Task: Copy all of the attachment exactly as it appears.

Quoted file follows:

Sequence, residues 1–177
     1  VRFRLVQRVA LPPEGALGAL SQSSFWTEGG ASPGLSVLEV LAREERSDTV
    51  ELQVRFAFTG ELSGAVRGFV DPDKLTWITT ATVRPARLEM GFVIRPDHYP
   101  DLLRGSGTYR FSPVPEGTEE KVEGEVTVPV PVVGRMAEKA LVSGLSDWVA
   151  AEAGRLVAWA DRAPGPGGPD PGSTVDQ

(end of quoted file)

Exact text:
Sequence, residues 1–177
     1  VRFRLVQRVA LPPEGALGAL SQSSFWTEGG ASPGLSVLEV LAREERSDTV
    51  ELQVRFAFTG ELSGAVRGFV DPDKLTWITT ATVRPARLEM GFVIRPDHYP
   101  DLLRGSGTYR FSPVPEGTEE KVEGEVTVPV PVVGRMAEKA LVSGLSDWVA
   151  AEAGRLVAWA DRAPGPGGPD PGSTVDQ